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Gov’t to review Election Amendment Act

Feb 13, 2017, 12:16 PM | Article By: Kaddijatou Jawo

Halifa Sallah, the spokesperson of the coalition government, has told the media at a press conference that President Adama Barrow desires to begin with the process of electoral reform before the National Assembly election with all the election stakeholders, including the political parties.

He added that reform and amendment will be effected on the Election Amendment Act of 20 July 2015, which under section 43 increased the deposit for Presidential aspirants from D10,000 to D500,000; National Assembly aspirants from D5,000 to D50,000; Mayors from D2,500 to D50,000; and for the councillors from D1,200 to D10, 000.

He said the president desires to begin electoral reform before the National Assembly election, as he had instructed that the consultation begins with the political parties, the inter-party committee, and the Attorney General and Minister of Justice.

“Such draconian provisions will ultimately be subjected to review by all stakeholders, and a bill will be prepared to be submitted to the National Assembly for enactment,” he said.

The government is now working very hard to put the institutions to work so that the vacuum that has been created by the impasse will be overcomed, and all those who contributed to the national development will be able to play their part, he added.

On appointment of the remaining seven ministers, Mr Sallah said the transition has phases, and the most anticipated by most people is the completion of the appointment of the Cabinet ministers.

He said the first phase of the appointments dealt with the fundamental basis of forming a coalition which arose as a collaboration of the political parties and one independent political aspirant, which has required the president to consider the nomination from those parties and stakeholders.

He said the second phase deals with the ministries that are left to be filled, which include the Ministry of Health and Social Welfare, Ministry of Information, Communication and Infrastructure, Ministry of Petroleum and Energy, Ministry of Higher Education, Research, Science and Technology, Ministry for Basic and Secondary Education and Ministry of Transportation, Works and Infrastructure.

According to the government spokesperson, the Ministry of Petroleum and Energy are separated under the current budget, but it is the desire of the President to put them together.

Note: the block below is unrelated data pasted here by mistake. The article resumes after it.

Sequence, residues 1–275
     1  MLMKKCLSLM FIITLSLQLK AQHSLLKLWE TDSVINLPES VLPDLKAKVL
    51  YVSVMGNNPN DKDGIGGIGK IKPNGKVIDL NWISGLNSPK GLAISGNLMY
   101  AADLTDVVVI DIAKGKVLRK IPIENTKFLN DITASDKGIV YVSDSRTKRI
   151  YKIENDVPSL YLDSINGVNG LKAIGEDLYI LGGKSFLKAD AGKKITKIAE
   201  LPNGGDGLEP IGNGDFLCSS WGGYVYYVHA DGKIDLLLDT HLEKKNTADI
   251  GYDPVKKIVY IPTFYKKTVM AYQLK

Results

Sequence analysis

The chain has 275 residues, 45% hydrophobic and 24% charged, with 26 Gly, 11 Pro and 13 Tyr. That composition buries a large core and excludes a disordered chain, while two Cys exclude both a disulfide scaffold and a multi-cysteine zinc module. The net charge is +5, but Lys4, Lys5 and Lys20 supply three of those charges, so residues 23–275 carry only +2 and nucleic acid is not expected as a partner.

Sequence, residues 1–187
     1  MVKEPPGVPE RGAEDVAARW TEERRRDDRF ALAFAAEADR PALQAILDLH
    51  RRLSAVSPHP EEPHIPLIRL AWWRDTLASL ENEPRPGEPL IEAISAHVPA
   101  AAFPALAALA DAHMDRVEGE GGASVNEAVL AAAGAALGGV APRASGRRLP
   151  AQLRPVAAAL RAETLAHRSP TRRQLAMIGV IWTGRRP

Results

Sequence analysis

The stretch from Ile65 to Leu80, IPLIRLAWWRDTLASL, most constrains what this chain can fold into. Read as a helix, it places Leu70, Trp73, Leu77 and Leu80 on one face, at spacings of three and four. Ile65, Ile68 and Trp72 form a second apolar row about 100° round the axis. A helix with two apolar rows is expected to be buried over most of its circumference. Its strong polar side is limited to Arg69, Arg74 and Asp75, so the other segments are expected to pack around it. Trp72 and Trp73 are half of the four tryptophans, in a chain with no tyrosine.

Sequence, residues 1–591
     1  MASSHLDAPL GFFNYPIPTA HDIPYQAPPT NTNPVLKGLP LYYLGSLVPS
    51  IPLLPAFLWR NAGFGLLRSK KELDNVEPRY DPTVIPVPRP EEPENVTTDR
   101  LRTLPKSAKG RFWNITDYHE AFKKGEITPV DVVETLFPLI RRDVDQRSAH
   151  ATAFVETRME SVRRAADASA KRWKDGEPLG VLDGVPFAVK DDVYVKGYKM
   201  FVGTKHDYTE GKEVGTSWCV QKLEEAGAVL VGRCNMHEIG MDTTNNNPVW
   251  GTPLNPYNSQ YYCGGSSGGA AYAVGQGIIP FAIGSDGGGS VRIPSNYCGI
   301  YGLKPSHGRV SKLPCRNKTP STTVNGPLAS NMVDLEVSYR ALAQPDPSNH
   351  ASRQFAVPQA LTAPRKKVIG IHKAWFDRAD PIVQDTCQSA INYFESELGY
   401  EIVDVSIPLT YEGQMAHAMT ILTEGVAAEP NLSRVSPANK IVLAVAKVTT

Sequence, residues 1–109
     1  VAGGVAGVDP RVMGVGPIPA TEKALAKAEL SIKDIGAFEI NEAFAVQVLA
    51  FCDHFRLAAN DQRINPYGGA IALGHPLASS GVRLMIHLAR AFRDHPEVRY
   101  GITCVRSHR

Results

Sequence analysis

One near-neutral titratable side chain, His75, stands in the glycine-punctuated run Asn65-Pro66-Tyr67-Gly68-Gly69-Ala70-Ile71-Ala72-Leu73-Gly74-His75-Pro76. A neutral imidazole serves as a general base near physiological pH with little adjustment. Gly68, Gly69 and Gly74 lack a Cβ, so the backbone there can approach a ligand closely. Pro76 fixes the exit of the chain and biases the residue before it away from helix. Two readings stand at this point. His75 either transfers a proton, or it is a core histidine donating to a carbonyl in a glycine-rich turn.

He said the President has been making consultations and would have caused the swearing-in of these ministers by this week.

The press conference was held to ensure transparency in the vetting process, which the President is engaged in.

 As of now, he has come to almost a conclusion regarding the persons to be appointed for the Ministry of Information, Communication and Infrastructure, Ministry of Basic and Secondary Education and Ministry of Transport, Works, Infrastructure.

Mr Sallah, who is said to be the coordinator of the Think-Tank Committee of the government, emphasised that the President is still working on the other ministries that are not mentioned among the stated three.

He said section 72 of the Constitution instructs that he entrusts the responsibility of ministries to persons with requisite professional qualifications and experience.

“So many pieces of advice are coming from different quarters, and people are sending their curriculum vitae (CVs).”

It was also important for people to understand that under section 76 of the Constitution, the executive power is vested in the President to make such appointments, continued Sallah.

He said ministers are the advisers of the president, and they are collectively responsible for the advice they give to the President, as well as responsible for that advice as far as the National Assembly is concerned.

The President also has the desire to appoint people as special advisers to him, and according to Sallah, President Barrow is also working on that mandate so that he would be able to capture the whole team of experience and professionalism that is required to run a government in an efficient and effective manner.

However, he emphasised that a strong government would need a vibrant National Assembly to provide checks and balances.

He said also that every successful government needs good advisers for better functioning.